Bringing British Children to France: Five Reality Checks


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Bringing British Children to France: Five Reality Checks

Much of the information available about French education prepares you for the procedures and helps you understand how to settle your children into school in France. However, there are some aspects about moving your child to France that are rarely mentioned and certainly don’t feature in the fantasy ‘new life in France’ TV programmes that dominate British viewer’s screens. If you’re considering bringing up British children in France, these five ‘reality checks’ will make sure you know exactly what you’re getting into! 

1. You are altering part of your child’s identity

Your child will naturally develop elements of French identity after their experiences in school in France. How much this changes them depends on the age at which they enter the system and the duration of their stay.

– Children coming to France as infants will have little memory of their former country and their identity, language and learning skills will be almost entirely shaped by the French system. You may imagine that you have, for example, a British child going to school in France, but in fact you will soon have a French child with British parents.

– Children coming at 6 or 7 will have a stronger sense of identity with their home country and they are therefore more likely to feel a dual sense of cultural and national identity.

– Older children and teenagers will have a strong identity with their home country and will tend to regard schooling in France simply as a new experience. The degree to which they adopt French customs and attitudes will be determined more by environmental factors, their character, the length of stay and how happy they are at school.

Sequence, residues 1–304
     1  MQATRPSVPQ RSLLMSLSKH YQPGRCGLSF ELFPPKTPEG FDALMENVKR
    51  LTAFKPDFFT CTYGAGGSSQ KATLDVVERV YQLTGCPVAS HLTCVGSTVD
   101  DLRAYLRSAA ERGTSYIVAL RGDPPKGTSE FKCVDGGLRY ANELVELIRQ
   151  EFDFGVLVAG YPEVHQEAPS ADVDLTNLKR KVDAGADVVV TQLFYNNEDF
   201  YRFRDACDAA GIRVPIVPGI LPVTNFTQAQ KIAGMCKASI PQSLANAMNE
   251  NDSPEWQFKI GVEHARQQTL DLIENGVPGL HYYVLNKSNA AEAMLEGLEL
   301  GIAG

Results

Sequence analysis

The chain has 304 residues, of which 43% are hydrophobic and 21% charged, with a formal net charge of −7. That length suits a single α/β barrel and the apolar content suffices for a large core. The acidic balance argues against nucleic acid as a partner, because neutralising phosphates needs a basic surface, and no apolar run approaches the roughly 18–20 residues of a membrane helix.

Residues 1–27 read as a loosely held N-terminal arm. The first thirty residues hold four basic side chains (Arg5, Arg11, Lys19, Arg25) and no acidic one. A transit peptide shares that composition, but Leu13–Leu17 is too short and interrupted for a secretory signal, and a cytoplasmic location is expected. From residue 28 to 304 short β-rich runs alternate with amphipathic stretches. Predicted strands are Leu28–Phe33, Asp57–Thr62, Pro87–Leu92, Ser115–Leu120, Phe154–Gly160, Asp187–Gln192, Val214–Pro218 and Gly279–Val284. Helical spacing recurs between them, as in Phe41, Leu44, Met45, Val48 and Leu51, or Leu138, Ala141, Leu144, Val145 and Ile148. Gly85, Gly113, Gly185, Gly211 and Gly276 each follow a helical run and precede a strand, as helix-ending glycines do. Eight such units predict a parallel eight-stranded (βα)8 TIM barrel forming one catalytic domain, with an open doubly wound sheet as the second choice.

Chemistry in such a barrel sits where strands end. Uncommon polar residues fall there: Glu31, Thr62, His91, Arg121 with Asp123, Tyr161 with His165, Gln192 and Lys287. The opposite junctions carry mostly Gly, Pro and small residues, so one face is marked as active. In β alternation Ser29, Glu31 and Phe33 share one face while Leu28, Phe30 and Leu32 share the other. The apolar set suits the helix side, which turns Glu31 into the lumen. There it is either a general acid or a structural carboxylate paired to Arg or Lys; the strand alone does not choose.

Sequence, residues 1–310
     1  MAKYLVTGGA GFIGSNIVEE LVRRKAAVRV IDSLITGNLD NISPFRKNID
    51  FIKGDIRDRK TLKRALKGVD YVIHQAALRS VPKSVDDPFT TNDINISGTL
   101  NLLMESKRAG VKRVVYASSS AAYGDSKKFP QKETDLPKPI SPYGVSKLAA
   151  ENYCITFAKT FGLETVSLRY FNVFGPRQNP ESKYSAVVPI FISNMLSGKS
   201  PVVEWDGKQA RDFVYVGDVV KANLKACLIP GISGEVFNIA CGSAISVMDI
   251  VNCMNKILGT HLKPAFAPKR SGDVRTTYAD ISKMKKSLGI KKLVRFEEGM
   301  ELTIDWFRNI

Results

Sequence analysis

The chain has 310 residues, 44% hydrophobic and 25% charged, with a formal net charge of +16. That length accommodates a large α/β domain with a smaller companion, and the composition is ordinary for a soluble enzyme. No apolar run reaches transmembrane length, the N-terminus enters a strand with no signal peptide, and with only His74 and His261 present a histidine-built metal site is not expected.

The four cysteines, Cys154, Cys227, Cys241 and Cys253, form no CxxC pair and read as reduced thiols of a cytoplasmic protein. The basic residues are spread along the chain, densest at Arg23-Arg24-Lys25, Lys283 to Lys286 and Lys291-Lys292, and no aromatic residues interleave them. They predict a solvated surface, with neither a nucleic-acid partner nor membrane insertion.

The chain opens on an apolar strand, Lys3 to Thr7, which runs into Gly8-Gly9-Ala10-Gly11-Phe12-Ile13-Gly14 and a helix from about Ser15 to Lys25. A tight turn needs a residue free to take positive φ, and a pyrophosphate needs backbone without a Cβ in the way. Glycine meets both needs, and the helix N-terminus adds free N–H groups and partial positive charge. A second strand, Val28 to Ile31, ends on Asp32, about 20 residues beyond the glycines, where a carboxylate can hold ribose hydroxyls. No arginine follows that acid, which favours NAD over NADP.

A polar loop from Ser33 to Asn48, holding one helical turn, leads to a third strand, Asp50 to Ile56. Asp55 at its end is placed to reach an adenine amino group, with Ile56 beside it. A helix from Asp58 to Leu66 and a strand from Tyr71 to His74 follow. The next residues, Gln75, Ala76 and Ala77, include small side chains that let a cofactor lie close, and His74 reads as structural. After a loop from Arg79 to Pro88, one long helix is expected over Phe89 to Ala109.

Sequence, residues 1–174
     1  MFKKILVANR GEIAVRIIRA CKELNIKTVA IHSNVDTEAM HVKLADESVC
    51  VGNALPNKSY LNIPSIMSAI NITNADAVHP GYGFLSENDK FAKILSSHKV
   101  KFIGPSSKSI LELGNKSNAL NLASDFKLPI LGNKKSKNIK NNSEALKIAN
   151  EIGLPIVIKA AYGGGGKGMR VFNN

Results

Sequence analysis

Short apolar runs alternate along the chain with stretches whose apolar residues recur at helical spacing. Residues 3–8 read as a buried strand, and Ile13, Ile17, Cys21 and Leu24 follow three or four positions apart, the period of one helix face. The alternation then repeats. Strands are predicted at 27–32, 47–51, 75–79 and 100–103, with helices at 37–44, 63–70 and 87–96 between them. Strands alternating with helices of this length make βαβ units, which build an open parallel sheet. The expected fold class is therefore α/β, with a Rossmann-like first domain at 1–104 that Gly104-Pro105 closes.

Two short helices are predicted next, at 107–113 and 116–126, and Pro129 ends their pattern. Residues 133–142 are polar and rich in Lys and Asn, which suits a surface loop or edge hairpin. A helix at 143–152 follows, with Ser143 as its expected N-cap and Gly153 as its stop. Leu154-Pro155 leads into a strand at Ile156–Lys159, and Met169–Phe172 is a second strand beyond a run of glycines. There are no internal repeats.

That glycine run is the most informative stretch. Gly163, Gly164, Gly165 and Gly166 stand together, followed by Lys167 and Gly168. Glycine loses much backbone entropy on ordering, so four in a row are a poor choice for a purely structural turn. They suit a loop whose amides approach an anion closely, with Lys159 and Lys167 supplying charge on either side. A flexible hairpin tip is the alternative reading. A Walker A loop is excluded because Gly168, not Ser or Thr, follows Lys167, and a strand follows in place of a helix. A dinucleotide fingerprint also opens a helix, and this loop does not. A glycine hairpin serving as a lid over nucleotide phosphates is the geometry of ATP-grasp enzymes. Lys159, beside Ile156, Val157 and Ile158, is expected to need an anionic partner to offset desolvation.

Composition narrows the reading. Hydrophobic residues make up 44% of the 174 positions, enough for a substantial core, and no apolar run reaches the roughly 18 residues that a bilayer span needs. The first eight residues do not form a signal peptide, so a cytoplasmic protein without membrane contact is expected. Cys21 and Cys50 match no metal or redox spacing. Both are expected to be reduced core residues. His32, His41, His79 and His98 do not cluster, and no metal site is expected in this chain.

2. You are going to become an English teacher

For younger children entering French schools there will be the challenge and satisfaction of learning a new language and starting to communicate with teachers and friends without the use of their native language. What you may not realise is that their English language ability will almost certainly deteriorate to some degree as their French improves.

This will obviously vary with age, but unless you are determined and able to teach them the finer skills of English grammar, spelling, comprehension, etc, then you will need to get outside help and/or buy books and tapes to help them. Don’t expect the English language taught at French schools to be any substitute for what they would have learned at school or amongst other English-speaking adults in their native country.

3. You are going to need to learn French to a very good level to help your child’s education

You may think that learning French will be valuable for chatting with neighbours, shopping, travelling – and, of course, it will be essential just for getting by. But more important than these things is the fact that you will not really know how well your child is doing, how well they are speaking and learning if you only have basic limited French.